New York's storied St. Patrick's Day Parade will end its long-standing ban on gay groups, GLAAD announced Wednesday morning.
According to the Irish Voice, which first reported the news, the longtime broadcaster of the parade, NBC, was prepared to drop its coverage unless the event began including LGBT organizations.
The organization Out@NBCUniversal, an LGBT group for employees of the media company, will be the first LGBT organization to march openly with its own banner in the March 2015 parade. The parade's organizers, affiliated with the Roman Catholic Church, have barred LGBT groups from openly participating in the event with signage for more than 20 years. According to the Human Rights Campaign Foundation, however, Out@NBCUniversal will be the only LGBT group allowed in the march.
Last year Boston's parade became a subject of controversy as an LGBT contingent was shut out from the parade. In New York, Mayor Bill de Blasio did not march in the parade due to the practice of refusing LGBT groups, and both Heineken and Guinness dropped their sponsorship of the event.
New York State attorney general Eric Schneiderman said the decision this week sends a "powerful message" of "equal justice and opportunity for all New Yorkers."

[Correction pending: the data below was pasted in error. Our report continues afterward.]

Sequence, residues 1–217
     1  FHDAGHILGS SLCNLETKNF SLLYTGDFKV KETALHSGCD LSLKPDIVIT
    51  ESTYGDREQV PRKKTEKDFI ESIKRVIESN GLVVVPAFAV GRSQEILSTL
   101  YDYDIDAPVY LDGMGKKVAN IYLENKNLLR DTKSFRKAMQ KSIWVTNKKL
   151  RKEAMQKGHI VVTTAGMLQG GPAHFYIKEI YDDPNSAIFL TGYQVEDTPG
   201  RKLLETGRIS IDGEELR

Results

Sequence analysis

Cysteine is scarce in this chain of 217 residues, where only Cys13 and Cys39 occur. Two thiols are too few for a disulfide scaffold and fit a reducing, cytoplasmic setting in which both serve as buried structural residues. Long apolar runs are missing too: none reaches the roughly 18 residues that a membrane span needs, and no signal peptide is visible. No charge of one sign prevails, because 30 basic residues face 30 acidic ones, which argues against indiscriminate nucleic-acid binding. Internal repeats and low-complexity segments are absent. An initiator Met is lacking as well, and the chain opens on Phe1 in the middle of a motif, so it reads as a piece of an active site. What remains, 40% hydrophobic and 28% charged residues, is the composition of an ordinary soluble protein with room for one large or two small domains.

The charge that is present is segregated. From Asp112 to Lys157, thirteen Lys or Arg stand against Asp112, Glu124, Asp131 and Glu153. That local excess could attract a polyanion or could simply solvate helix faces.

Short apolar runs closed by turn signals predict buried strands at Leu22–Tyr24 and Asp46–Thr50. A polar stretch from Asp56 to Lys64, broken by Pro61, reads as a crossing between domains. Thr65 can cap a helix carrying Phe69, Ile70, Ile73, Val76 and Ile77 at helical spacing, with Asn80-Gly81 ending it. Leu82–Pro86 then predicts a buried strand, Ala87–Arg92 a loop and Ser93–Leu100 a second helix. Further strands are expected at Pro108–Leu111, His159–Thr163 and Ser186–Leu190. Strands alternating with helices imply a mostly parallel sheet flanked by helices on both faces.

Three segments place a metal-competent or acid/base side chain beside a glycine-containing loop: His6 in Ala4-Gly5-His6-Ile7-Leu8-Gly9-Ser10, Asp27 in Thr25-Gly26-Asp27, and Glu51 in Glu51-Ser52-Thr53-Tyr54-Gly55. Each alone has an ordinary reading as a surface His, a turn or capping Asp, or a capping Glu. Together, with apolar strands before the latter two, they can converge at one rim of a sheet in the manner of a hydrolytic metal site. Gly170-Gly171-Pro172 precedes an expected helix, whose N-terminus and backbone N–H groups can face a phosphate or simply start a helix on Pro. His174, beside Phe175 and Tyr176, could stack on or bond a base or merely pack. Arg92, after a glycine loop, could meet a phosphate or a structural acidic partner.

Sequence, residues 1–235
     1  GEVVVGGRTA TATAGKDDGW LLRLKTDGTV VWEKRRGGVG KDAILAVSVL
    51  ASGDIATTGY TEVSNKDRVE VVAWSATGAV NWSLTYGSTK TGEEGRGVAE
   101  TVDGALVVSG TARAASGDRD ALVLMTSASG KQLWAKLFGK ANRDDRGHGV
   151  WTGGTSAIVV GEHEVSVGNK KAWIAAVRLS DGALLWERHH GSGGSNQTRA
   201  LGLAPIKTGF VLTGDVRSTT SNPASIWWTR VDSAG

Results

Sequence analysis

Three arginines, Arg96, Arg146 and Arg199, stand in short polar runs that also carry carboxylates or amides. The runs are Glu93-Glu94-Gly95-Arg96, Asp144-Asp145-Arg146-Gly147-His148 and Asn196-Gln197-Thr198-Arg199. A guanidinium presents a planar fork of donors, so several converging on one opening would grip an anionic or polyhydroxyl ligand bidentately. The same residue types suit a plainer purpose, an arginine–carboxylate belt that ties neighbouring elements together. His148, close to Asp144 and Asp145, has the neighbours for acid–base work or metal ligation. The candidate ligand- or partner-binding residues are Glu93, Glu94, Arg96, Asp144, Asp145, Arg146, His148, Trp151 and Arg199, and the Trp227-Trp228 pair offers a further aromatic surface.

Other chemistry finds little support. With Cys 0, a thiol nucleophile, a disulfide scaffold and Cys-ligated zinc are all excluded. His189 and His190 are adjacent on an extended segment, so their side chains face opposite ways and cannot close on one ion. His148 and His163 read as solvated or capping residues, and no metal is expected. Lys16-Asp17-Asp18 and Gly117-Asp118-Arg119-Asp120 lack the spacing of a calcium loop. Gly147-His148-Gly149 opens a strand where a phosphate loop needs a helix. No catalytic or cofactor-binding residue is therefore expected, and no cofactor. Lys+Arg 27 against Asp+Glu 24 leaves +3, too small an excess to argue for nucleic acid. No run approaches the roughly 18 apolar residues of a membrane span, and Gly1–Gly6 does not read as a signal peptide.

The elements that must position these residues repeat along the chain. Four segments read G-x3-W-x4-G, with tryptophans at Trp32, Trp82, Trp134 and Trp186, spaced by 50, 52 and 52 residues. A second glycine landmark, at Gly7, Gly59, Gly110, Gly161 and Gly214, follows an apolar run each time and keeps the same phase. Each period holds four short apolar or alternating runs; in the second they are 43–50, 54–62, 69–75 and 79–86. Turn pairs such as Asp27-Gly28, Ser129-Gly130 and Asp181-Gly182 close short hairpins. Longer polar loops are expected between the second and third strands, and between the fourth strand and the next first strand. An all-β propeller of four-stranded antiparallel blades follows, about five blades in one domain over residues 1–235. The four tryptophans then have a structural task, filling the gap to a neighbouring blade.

"I also want to applaud OUT@NBCUniversal for standing up for the rights of all New Yorkers," he said Wednesday. "I look forward to next year's parade, which will serve as the latest example of New York leading the way in equality."
Still, Empire State Pride Agenda executive director Nathan M. Schaefer said much must be done to solidify the parade's standing with LGBT people.
"The news that the organizers of the St. Patrick's Day Parade will allow one LGBT group -- OUT at NBC Universal -- to march under its own banner for the first time strikes us as disappointing and self-serving," he said in a statement Wednesday. "While this development is long overdue, inviting one group to march at the exclusion of all others and continuing to refer to our vibrant community as 'gay' when it is in fact lesbian, gay, bisexual and transgender, is a far stretch from the full inclusion we deserve."
More groups will be allowed in succeeding years, according to the Human Rights Campaign Foundation.
"We are pleased that the changes proposed by the parade committee will finally make it possible for LGBT Americans -- including Irish Catholic LGBT Americans -- to officially march under their own banners," said Sharon Groves, director of the HRC Foundation's Religion and Faith Program. "The discriminatory ban has been shameful, particularly in the very city where the LGBT rights movement got its start 45 years ago at the Stonewall Inn."
Also Wednesday, Cardinal Timothy Dolan, the Catholic archbishop of New York, was named the grand marshal of next year's parade. Dolan has made several statements opposing LGBT rights.
Update: Additionally, a statement from Irish Queers sent to The Advocate on Wednesday, distinguished that this decision still shuts out Irish LGBT groups that have fought to be part of the parade for decades.
"We welcome this small victory, but our call remains the same -- the parade must be open to Irish LGBT groups, not "in subsequent years" but now. (We remember too well how parade organizers used fake waiting lists to bury our applications before)," the statement read.